And to beat those expert levels you'll need to have some impressive moves, right? The moves from Donkey Kong '94 are all here and accounted for. Mario can jump on top of most enemies, pluck them up Super Mario Bros. 2-style, and chuck them into other foes or toss them atop some spikes, using the enemy's back as a means across the otherwise hazardous spikes. The hammer is a staple of the classic Donkey Kong formula, and it returns for this installment allowing Mario to plow through enemies effortlessly. A cool twist on the hammer is that you can toss it up into the air, climb up a ladder, and then catch it in order to clobber enemies on a higher elevation. This is a necessary feature in later levels. What moves are new here are ones that Mario's used on his 3-D ventures. While he can't wall jump, Mario can perform other means of acrobatics such as triple and super jumps. Mario will also need to flip and walk on his hands to ward off falling cinder blocks with his feet in some levels.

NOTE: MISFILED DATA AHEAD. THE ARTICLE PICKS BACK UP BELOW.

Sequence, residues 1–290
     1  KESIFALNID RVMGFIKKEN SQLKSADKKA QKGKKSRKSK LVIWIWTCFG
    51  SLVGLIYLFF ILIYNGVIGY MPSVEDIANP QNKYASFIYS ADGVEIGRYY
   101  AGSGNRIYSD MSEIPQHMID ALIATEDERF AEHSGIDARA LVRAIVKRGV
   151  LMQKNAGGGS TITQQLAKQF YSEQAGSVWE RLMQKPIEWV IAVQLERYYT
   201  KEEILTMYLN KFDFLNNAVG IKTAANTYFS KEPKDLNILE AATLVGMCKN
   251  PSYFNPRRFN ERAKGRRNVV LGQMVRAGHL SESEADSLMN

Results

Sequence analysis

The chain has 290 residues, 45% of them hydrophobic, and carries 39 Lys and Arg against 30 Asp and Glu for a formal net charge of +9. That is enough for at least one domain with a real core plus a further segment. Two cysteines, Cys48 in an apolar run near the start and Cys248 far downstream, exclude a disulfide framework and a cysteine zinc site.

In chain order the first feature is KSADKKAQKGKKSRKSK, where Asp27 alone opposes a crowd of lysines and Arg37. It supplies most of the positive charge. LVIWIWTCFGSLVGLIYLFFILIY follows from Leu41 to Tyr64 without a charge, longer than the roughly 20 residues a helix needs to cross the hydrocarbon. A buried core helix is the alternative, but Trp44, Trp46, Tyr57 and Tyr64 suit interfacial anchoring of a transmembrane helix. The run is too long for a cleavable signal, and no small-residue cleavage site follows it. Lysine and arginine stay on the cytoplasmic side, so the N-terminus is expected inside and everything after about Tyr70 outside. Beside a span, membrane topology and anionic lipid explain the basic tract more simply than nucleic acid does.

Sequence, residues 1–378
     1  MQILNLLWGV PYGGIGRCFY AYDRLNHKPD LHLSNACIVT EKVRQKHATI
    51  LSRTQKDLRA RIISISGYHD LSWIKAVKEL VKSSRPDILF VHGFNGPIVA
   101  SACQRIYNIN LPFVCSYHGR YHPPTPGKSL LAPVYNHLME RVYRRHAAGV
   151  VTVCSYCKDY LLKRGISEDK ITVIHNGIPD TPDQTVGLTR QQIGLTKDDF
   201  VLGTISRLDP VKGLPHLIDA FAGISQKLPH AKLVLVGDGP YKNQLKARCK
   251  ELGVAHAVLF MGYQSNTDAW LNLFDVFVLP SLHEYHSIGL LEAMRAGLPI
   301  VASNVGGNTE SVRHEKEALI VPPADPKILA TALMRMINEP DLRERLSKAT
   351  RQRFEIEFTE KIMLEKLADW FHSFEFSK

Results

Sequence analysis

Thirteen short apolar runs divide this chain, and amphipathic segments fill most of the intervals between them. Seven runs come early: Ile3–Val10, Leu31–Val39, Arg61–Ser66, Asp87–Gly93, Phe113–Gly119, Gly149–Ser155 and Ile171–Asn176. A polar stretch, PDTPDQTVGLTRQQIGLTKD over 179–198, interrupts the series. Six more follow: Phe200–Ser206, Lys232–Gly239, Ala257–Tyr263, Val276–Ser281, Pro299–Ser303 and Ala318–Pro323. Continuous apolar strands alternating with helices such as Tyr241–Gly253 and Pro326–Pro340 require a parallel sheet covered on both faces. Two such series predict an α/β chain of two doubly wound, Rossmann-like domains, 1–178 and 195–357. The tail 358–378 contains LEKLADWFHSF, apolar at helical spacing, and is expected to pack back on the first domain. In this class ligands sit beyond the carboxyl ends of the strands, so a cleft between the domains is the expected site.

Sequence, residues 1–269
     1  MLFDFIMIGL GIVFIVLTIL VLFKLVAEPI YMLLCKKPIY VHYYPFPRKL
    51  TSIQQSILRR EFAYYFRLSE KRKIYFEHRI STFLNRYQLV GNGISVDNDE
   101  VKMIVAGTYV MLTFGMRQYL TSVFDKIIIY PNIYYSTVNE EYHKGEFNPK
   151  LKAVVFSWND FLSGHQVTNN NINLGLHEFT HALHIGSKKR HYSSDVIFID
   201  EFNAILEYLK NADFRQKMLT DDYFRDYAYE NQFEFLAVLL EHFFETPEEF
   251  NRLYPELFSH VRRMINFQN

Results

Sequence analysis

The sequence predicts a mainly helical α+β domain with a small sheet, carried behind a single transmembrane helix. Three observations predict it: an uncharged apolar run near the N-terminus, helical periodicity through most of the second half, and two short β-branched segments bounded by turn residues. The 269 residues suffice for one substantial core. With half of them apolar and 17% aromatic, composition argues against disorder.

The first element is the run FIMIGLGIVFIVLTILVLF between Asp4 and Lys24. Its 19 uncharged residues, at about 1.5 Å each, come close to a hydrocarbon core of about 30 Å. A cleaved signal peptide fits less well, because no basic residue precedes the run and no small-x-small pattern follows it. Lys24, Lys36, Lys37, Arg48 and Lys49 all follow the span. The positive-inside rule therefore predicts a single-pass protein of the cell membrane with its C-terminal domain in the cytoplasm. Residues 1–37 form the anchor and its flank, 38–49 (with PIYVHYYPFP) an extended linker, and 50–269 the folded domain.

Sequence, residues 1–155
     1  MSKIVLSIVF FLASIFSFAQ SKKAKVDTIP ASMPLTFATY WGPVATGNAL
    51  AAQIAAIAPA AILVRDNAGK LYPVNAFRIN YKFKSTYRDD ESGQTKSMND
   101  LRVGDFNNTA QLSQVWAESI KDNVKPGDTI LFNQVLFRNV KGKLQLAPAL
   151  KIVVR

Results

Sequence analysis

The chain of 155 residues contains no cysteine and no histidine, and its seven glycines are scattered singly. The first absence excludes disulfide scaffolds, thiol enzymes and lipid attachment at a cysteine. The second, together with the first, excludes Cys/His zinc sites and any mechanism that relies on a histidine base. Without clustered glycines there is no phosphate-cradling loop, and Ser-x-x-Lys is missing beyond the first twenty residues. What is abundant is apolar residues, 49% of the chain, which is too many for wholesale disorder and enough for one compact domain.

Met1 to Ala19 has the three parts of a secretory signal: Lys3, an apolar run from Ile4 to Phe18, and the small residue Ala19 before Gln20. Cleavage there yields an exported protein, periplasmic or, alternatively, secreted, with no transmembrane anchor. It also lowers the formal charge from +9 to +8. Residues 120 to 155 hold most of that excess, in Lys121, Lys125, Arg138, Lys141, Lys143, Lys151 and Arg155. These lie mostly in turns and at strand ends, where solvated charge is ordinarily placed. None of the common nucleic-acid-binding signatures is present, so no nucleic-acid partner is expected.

The latter two types of levels are Mini Mario challenges and battles with Donkey Kong. The Mini Mario stages have Mario guiding a sextuplet of Mini Marios to a toy chest. Along the way there's enemies to fiendishly avoid and T, O, Y letters to collect before the toy chest is unlocked for the Mini Marios to hop into and for Mario to complete the stage. The battles with Donkey Kong are the least creative of the types of levels. These are confrontations where the goal is to toss objects at Donkey Kong while trying to survive. Since the game awards points for how much health you have left, the secret of battle (and the best score) is to try to come out untouched. This is easier said than done as each fight is different than the last. The first world is as simple as tossing barrels into DK. The second has you climbing on ropes, dropping hanging fruit and timing your drops onto the mangy monkey below.

Oh, it's on like Donkey Kong!